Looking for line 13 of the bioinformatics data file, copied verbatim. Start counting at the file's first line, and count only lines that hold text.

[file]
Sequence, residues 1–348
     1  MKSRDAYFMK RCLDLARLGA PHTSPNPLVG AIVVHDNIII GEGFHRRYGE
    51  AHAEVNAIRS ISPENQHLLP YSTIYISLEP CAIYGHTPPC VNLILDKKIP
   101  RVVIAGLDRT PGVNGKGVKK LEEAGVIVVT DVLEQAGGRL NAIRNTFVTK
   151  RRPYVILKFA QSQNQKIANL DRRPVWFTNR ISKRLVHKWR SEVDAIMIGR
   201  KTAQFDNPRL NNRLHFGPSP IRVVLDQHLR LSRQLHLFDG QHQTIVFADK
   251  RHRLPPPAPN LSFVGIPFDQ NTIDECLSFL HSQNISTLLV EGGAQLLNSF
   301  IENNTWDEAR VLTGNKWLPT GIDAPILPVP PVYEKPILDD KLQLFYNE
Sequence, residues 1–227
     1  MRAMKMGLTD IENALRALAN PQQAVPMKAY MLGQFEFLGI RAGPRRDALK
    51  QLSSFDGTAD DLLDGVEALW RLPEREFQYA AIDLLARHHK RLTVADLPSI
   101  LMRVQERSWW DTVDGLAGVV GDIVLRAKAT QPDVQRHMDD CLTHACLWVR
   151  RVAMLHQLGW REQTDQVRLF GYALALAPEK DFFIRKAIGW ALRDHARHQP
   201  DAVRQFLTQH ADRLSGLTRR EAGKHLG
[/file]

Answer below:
   151  RVAMLHQLGW REQTDQVRLF GYALALAPEK DFFIRKAIGW ALRDHARHQP